NOBODY appreciates the challenges facing racing more than those professionally involved with it, but if you were to read everything that is written about the sport you might wonder if it is time to bolt the stable door for good, and just walk away.

After more than 180 years, racing will cease in Singapore in October, four days after the running of the Prix de l’Arc de Triomphe. The day after that great sporting and iconic race, representatives of all the racing nations in the world gather for a conference, and it will be somewhat sombre to be saying goodbye to one of its member countries.

However, it is not ceasing because of welfare issues, but rather land scarcity and falling numbers of racegoers.

It is absolutely clear to me that the people who want to see racing, and the breeding of racehorses, banned will go to any lengths to do so, and this includes the deliberate dissemination of falsehoods. These will get headlines, catch people’s attention, and then pass for truths in a society ruled by social media snapshots.

Where is the questioning of these untruths, including by members of the press? Any attempt to stand up to these lies is simply met with a barrage of abuse. The reality is that Animal Rising, PETA and others will peddle one-liners and salacious ‘facts’ that grab attention, but they have no answers when challenged.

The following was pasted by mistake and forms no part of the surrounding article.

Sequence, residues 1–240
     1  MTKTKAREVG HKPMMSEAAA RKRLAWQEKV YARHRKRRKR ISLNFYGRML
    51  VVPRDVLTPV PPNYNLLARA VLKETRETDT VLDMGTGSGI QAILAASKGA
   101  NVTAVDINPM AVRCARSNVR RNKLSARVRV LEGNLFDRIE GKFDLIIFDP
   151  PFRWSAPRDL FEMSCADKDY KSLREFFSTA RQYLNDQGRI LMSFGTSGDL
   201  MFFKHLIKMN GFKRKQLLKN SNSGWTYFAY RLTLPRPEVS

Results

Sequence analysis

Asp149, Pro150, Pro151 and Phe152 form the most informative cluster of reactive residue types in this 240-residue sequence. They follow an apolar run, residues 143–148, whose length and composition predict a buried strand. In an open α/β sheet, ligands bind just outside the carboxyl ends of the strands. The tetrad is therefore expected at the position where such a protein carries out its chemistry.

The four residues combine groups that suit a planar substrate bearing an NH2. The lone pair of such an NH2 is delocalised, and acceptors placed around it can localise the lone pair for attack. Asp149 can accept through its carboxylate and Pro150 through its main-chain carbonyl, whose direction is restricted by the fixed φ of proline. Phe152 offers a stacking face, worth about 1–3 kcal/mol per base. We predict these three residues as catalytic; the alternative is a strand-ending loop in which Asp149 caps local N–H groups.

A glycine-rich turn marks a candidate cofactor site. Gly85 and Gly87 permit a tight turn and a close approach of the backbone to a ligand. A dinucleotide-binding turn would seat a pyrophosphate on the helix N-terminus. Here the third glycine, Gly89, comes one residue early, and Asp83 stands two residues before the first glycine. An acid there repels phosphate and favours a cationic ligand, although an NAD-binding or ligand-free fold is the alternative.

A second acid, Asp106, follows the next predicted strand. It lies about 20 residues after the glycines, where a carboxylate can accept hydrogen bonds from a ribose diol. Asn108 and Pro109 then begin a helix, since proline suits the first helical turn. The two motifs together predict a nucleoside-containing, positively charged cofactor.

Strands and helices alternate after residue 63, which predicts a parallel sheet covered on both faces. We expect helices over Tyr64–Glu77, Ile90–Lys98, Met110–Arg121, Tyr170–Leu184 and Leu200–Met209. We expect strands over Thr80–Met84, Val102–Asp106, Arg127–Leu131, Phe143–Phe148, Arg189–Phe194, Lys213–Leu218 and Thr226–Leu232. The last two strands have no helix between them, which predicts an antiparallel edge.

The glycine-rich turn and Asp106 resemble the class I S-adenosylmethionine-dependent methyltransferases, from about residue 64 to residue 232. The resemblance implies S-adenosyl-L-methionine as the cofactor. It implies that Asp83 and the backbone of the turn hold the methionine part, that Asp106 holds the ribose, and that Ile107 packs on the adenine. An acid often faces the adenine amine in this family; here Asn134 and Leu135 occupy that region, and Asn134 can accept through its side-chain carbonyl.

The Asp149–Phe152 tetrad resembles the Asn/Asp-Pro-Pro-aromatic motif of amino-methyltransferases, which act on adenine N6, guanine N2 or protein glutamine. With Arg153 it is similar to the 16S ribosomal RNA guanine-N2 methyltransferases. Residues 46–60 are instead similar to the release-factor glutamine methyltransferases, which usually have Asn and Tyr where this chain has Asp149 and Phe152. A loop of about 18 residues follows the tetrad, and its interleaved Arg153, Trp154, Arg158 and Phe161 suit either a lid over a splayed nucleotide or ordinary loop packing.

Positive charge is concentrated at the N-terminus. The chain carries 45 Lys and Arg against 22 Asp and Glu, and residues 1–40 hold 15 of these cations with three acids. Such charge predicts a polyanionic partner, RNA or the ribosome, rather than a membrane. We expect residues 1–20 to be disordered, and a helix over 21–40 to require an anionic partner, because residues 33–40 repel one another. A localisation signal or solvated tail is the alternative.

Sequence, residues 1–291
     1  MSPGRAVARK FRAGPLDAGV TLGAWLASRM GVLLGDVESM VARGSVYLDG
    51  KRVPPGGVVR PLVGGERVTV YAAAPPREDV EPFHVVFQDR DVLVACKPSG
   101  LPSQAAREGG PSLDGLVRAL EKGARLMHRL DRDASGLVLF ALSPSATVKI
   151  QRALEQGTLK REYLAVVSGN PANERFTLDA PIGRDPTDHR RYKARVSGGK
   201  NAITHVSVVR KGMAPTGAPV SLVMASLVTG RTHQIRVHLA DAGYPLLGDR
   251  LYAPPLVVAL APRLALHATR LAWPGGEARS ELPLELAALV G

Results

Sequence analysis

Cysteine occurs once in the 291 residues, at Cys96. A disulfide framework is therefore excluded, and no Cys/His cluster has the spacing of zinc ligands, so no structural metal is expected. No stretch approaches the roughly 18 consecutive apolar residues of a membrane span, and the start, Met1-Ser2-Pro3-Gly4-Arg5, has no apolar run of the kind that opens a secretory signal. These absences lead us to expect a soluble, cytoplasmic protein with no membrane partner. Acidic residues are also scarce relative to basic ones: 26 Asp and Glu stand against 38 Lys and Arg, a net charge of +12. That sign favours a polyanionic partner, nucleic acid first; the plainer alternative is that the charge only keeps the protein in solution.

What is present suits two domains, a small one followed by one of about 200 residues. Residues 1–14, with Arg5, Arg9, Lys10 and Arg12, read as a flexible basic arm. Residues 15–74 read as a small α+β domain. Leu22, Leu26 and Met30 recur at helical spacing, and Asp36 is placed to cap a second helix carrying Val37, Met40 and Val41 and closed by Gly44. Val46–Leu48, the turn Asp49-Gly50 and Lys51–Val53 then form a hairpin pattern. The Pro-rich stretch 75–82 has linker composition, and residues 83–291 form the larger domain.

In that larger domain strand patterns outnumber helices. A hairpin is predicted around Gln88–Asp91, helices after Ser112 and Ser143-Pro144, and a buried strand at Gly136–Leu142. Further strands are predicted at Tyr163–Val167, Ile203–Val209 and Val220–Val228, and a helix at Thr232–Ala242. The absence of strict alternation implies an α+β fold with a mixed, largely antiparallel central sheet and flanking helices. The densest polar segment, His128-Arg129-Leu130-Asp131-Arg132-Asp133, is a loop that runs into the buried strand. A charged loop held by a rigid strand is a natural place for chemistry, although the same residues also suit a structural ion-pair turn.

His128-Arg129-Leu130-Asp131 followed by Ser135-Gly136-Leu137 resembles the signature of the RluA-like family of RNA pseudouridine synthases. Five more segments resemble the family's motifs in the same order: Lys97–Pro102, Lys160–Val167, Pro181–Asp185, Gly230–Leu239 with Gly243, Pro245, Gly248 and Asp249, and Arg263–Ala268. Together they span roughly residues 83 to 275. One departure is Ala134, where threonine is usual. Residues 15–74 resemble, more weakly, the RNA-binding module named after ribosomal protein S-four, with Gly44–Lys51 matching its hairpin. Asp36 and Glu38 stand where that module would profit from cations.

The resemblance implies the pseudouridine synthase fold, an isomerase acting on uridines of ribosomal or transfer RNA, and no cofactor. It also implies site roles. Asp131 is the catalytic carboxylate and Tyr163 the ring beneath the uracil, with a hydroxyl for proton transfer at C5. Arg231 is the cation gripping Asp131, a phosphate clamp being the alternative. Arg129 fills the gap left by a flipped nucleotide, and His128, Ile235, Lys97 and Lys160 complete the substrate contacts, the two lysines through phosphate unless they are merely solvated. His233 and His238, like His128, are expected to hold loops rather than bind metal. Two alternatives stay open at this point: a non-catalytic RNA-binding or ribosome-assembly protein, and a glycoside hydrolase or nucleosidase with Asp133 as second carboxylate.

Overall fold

This week a column appeared on the sports pages of one of our most respected national dailies. The headline and the standout quote were chosen to catch your eye, and were negative about racing. It quotes Bill Finley from an article published 30 years ago, but the three lines are taken from a detailed report about the state of horse racing, one which regrets that horses are raced far less now than they were a few decades earlier.

This is an example of doing wrong, even if you are doing right. What would these people say about Dahlia, who raced globally in the 1970s, when transport was not as sophisticated as today. She raced for five seasons, ran 46 times, and won 11 Group or Grade 1 races, many against colts. Then look at recent stars such as Enable (raced five seasons, ran 19 times), Alpinista (raced four seasons, started 15 times), and Treve (four seasons racing, starting 13 times).

In her final season racing, at the age of six, Dahlia raced as many times as Treve did in her entire career, ran on dirt and turf, and won at the highest level. She then went to stud and bred four Grade 1 winners.

Should we be calling for horses to race more, not less?